Community health workers are often overlooked and underutilized as powerful change agents for health equity. This report, based on a review of nine studies, provides evidence and policy recommendations. It describes the value of including CHWs in healthcare delivery systems for addressing inequities.
Communities across the United States face numerous challenges in terms of health status and access to care. Community health workers (CHWs) provide major assistance in delivery of health resources through a community centered approach. This policy document from the American Public Health Association (APHA) updates the organization’s 2001 policy statement: “Recognition and Support for Community Health Workers’ Contributions to Meeting Our Nation’s Health Care Needs.” It reviews progress and provides recommendations for better integrating CHWs into the US healthcare system.
This systematic review assesses the evidence on integrating community health workers (CHWs) into the delivery of mental health services in the United States and low- and middle- income countries. It includes 43 articles of which 39 are trials. The article highlights CHW background characteristics, their role in the mental health service provision, and the types of interventions in which they were involved.
Access to surgical care represents a pressing challenge in LMICs, particularly for vulnerable populations. Community health workers (CHWs) and lay people play diverse roles in primary health care in these settings. However, they remain disconnected from surgical care in most environments. This study looked to assess the degree to which CHW understanding of surgical conditions could be improved using a pictorial based manual. The assessment was carried out using questionnaire instruments and context specific focus groups in Central America.
The purpose of this study was to apply the RE-AIM framework to evaluate data obtained from focus group discussions to generate information on the availability of cardiovascular disease (CVD) risk interventions through the COACH program in Nebraska. The COACH approach involves interventions provided by nurses and community health workers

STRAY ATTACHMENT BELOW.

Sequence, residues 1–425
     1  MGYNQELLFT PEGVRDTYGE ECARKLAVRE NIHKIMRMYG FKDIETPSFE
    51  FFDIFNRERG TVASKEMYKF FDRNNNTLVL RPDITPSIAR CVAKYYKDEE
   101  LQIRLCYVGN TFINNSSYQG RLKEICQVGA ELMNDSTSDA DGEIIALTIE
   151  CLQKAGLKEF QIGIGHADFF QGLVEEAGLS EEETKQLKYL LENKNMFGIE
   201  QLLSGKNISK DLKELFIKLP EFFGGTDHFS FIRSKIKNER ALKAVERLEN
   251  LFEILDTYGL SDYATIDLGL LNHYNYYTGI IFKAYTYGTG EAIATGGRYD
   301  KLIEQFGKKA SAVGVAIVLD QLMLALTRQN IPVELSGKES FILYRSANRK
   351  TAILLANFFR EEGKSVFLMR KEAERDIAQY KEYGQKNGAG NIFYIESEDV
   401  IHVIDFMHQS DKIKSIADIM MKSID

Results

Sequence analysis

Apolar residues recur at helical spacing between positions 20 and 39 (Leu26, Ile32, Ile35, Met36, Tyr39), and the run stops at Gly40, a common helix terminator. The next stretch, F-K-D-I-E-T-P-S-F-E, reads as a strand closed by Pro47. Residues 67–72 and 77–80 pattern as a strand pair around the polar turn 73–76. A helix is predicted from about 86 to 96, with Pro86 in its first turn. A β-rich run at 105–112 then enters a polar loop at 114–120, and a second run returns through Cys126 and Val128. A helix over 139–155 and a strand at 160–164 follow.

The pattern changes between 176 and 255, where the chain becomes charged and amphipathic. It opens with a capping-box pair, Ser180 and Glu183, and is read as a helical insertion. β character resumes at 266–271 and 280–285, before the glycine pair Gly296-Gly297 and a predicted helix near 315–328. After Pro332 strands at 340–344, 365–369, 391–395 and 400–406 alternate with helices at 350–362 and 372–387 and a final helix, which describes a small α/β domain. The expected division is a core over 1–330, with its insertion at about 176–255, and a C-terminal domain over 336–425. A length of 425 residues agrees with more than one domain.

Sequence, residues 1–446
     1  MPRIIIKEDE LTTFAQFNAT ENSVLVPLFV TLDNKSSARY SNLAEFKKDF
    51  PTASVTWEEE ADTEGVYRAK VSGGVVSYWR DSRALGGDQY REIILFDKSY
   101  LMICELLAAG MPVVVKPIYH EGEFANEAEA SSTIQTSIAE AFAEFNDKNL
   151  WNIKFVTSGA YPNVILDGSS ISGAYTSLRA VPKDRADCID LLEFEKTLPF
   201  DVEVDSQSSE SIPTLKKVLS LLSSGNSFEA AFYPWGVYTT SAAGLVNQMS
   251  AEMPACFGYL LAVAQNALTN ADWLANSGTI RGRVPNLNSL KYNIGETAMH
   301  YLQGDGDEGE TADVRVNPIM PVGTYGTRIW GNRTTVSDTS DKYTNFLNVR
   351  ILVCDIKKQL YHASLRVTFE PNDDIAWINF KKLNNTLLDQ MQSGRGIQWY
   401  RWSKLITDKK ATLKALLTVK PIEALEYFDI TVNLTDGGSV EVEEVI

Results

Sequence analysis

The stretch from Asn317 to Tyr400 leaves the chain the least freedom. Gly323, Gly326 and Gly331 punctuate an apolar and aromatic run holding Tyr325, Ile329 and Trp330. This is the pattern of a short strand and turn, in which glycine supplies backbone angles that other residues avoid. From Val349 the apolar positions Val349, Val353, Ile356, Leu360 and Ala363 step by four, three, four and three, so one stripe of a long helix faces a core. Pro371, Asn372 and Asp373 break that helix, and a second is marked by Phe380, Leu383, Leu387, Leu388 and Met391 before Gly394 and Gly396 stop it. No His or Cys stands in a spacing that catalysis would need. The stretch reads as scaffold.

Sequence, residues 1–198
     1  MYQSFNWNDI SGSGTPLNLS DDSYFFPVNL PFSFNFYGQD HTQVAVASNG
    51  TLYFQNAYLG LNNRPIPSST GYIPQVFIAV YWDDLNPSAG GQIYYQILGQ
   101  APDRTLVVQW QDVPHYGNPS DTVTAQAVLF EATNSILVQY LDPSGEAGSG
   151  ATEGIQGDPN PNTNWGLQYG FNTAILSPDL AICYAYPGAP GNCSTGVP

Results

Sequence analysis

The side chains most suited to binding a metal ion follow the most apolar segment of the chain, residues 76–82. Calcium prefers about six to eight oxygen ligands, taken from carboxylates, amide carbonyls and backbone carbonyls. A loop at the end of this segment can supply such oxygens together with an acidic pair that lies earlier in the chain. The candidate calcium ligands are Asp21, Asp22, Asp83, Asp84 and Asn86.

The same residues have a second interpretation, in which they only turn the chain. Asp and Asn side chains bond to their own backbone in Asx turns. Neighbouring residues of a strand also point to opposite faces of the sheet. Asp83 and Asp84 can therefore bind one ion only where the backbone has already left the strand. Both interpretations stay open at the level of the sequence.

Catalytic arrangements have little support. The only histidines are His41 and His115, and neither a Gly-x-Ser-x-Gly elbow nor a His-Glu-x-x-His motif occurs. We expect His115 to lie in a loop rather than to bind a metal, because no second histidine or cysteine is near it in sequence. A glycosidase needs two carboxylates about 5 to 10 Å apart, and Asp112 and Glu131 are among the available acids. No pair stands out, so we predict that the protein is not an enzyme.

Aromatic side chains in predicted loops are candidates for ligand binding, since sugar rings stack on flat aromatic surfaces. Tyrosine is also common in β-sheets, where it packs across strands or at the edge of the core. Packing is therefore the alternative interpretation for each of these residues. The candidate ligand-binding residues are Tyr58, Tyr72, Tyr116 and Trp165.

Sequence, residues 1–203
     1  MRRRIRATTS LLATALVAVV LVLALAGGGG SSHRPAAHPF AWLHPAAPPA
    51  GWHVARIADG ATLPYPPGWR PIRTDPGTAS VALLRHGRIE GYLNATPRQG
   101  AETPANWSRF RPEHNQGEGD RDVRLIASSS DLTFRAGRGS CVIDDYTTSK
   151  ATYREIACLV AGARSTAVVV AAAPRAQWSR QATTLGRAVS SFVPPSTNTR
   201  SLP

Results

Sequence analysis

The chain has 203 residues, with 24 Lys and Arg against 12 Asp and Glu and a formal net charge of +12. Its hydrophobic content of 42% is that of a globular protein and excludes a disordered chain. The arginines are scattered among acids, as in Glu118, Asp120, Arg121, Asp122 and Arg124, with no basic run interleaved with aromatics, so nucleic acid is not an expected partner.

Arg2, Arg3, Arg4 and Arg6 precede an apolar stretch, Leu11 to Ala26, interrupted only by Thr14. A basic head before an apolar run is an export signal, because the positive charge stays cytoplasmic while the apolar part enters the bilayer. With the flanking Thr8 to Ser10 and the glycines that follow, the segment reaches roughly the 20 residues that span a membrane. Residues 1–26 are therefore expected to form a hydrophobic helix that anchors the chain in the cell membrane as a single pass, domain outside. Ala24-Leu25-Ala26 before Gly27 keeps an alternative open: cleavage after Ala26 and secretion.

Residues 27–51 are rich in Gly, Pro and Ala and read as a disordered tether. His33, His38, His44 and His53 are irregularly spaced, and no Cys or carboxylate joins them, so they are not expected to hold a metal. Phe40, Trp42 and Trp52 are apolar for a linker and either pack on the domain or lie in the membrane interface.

While cancer screening tests are available, Latinos are screened at a lower rate than non-Hispanic whites. This study looked at the effectiveness of an evidence-based community health worker (CHW) intervention which was designed to increase screening rates, knowledge about screening guidelines and awareness about benefits of early detection. The project involved community and clinic-based components primarily targeted at Latino populations.
Miami-Dade County in the state of Florida, USA, faces the largest burden of new HIV infections in the nation. Building off the success of street-based HIV testing carried out by community health workers (CHWs), this study looks at a community-based approach for HIV testing among Black adults. This CHW-led intervention included providing education about risk factor modification, transmission and prevention methods along with HIV testing.
There are myriad models of Community health worker (CHW) employment; however, there is limited knowledge about the link between organizational structures and CHW experiences. This article presents results from seventeen in depth interviews conducted with CHWs, their supervisors and leadership to gather perceptions regarding CHW effectiveness and organizational structure.
Community health workers (CHWs) play a crucial role in enabling access to healthcare in marginalized communities; yet they also face numerous structural challenges which complicate their care delivery. This paper discusses the results of a year-long ethnographic study which looked at structural barriers faced by community health works in Indiana.
Immigrants in the United States face a range of challenges with respect to access to quality health care. Community health workers play an important role in ensuring these individuals can avail of the necessary care and treatment. This book provides evidence and recommendations for engaging CHWs to serve immigrant populations.